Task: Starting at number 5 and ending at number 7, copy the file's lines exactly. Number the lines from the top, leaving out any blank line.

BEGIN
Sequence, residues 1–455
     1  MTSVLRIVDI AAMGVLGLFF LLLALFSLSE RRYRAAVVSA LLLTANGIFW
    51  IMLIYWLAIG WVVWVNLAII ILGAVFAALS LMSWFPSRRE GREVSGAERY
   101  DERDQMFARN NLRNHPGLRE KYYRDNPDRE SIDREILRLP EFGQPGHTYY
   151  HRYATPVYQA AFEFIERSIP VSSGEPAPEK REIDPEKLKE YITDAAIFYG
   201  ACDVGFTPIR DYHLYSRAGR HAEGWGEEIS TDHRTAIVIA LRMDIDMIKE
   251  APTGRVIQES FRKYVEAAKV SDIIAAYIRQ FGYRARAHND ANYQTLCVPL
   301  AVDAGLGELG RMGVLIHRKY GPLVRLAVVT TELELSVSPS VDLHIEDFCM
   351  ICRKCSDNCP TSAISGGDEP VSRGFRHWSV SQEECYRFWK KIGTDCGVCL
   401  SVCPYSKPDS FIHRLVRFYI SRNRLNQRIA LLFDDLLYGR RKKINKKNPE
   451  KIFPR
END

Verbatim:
   151  HRYATPVYQA AFEFIERSIP VSSGEPAPEK REIDPEKLKE YITDAAIFYG
   201  ACDVGFTPIR DYHLYSRAGR HAEGWGEEIS TDHRTAIVIA LRMDIDMIKE
   251  APTGRVIQES FRKYVEAAKV SDIIAAYIRQ FGYRARAHND ANYQTLCVPL